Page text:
The Prince Philip effect: there is such a thing as too much coverage

Pure Public Relations founder Phoebe Netto takes a look at what happens when a wall-to-wall phenomenon starts to crumble.

The recent passing of Prince Philip, Duke of Edinburgh, has dominated headlines around the globe, generating more than 2,000 pieces of news coverage in Australia alone. In the UK, the BBC was forced to create a website to deal with over 110,994 people complaining about the air time allocated to the Prince’s passing.

It just goes to show there is such a thing as too much coverage. Blanket coverage about the same piece of news used to be enough. But now, we expect more because we consume news differently. We want choice, we want variety, and we want to be surprised. Often, less is more.

Nobody likes spam

In-house comms teams and PR agencies are all too familiar with overzealous executives who view media coverage as simply ‘the more the better’. But spamming journalists with constant press releases and continuous supposedly ‘newsworthy’ interviews will often hinder rather than help your cause – especially if it means the journalist eventually stops returning your calls.

Even if you do manage to persuade journalists to publish your stories, you run the risk of readers eventually growing tired of seeing the same companies and executives featured in the media on a weekly or even daily basis. Over time, your spokespeople can become two dimensional or even comical, eventually becoming a caricature of themselves. Instead, stop acting like a one trick pony with a carbon copy idea, and give journalists a more interesting day.

Is all press really good press?

Being featured in the media has the potential to do two things; it builds awareness, and it builds your reputation. But while all coverage will build awareness, it won’t necessarily build your reputation in a positive light. Since awareness is not the only thing that causes people to make decisions, such as the decision to spend money with you, not all publicity is good publicity.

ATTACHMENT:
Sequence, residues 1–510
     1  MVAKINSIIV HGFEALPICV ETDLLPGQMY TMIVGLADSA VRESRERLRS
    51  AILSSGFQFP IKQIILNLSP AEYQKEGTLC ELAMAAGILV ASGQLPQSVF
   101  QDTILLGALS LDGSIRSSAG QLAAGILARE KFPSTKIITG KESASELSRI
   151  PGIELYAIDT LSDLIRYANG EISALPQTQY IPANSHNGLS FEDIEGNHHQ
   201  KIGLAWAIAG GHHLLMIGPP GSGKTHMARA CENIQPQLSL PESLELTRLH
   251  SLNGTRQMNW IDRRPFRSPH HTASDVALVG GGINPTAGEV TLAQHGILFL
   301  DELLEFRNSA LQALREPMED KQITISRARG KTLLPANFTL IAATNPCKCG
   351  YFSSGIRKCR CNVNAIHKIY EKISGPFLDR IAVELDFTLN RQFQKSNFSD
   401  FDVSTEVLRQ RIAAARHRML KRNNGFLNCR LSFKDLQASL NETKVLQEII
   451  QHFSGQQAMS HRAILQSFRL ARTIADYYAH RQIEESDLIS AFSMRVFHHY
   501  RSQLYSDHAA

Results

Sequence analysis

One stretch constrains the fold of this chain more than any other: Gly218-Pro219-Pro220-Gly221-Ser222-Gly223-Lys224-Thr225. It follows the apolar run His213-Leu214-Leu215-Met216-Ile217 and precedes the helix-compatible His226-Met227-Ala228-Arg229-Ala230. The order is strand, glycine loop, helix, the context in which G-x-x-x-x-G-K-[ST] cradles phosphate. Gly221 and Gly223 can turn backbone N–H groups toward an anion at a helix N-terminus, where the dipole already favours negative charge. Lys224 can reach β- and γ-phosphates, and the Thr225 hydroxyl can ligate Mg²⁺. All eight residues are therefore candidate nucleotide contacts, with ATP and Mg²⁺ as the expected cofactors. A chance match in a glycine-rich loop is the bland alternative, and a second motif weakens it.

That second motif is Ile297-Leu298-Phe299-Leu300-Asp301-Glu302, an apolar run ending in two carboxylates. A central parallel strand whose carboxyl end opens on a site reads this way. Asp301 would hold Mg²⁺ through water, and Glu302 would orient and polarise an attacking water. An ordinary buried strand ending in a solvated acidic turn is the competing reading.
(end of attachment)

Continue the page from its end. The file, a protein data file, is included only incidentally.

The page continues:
Since pretty much all news coverage will have either a positive or a negative spin, coverage always runs the risk of harming rather than helping your reputation. For example, a media mention could portray you as detached, critical, issue prone, naive, guilty, out of your depth, unapproachable or overly formal, immature, inexperienced or out of touch.

On the other hand, it could portray you as knowledgeable, experienced, professional, approachable, trustworthy, understanding, passionate, on a mission, mature, in control, friendly, or likeable – causing people to want more.

Unless your coverage is carefully crafted and meticulously planned, there’s a strong chance you might lose control of your own narrative, and your reputation with it.

The right kind of coverage

So how can you ensure that your coverage actually adds value to what’s already been talked about, and leverages the news cycle in a positive way that actually helps (rather than harms) your reputation? To make your media coverage worthwhile, you want to make sure that all publicity is relevant, being seen by the right people, and is consistent in its message.

The never-ending level of coverage of Prince Philip’s passing eventually didn’t feel relevant – simply because 24/7 news coverage for several days straight on the same topic can never be endlessly relevant. It isn’t necessarily the quantity of media coverage that is the problem, it is the two dimensional aspect of the story. There needs to be depth and variance within the stories, instead of merely reporting the same thing over and over again.

For businesses, a better strategic approach would target specific relevant media outlets to achieve different PR goals, rather than adopting a ‘pray and spray’ approach. Any half-decent PR can get you some kind of news coverage, but the real value comes from a thoughtful, targeted approach.

Building awareness is obviously important, but it’s not the only use for PR. The best strategy is a three-pronged approach that also focuses on building credibility and educating others through opinion and advice, along with the broader awareness-generating news coverage. By diversifying your coverage, you’re far more likely to avoid over-saturating your audience.

This approach helps coverage avoid pigeon-holing people into a single ‘claim to fame’, carbon-copied across multiple media outlets. By adding depth, stories become multi-faceted and will ultimately be judged on quality, rather than the quantity of coverage.

In the case of Prince Philip, the media are trying and failing to bring multiple angles out of what is essentially a one-track story. While it’s obviously an important historical moment, there simply isn’t enough news to justify the level of coverage. No matter how hard the media is trying, this is a story that deserves dignified, straightforward storytelling. It’s as simple as that.

Phoebe Netto is the founder of Pure Public Relations.


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